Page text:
High degrees of regio- and/or stereo-selectivity in organic reactions are often achieved through the effect of
differential strong non-bonded interactions in competitive
transition states, where the geometrical arrangements of
reacting bonds are controlled by stereoelectronic factors.
The non-bonded interactions typically involve hydrogen
atoms in alkyl or other groups. In such cases highly selective reactions would be expected to exhibit large inverse
secondary hydrogen kinetic isotope effects associated with
isotopic replacement at the compressed hydrogen atoms. A
method for precisely locating the positions of important
compressive interactions is therefore available, and we
have successfully applied this method to investigate the
relevant transition-state characteristics for enantioselective
hydroborations of alkenes using (+ )-diisopinocampheylborane, 1, prepared from (-)-a-pinene.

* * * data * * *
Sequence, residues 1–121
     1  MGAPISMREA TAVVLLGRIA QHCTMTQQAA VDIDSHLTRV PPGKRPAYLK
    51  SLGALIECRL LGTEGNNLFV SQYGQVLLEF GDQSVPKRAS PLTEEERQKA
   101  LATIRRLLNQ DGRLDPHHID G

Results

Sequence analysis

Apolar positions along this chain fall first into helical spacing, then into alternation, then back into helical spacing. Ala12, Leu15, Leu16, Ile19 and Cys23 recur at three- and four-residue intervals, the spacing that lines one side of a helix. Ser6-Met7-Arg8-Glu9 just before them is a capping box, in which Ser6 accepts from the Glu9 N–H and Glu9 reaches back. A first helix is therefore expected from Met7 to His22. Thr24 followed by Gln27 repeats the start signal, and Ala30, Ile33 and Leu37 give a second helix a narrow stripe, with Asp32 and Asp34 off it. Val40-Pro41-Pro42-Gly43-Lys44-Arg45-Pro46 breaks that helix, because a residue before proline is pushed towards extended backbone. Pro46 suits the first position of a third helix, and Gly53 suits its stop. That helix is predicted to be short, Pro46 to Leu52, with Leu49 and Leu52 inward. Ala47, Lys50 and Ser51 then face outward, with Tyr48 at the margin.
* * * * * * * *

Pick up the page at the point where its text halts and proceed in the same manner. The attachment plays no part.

Dr. J. McKenna, Dr. B. E. Mann, Dr. P. W. Cutts, Dr. J. M. McKenna,
Dr. C. M. Spencer
Chemistry Department, The University
Sheffield S3 7 H F (England)
[**I This work was supported by the Science and Engineering Research
Angew Chem. Int. Ed. Engl. 25 (1986) No. 6
_ _
Various detailed models, qualitative a I (more
quantitative have been suggested"] for this interesting reaction, which gives high enantioselectivity notably with simple acyclic non-terminal (a-alkenes, and which may be regarded as perhaps the most important early example[21of
the range of highly enantioselective reactions of great current interest in preparative organic chemistry. In every
model, strong steric interactions between alkyl or other
groups in the alkene and in the hydroborating reagent are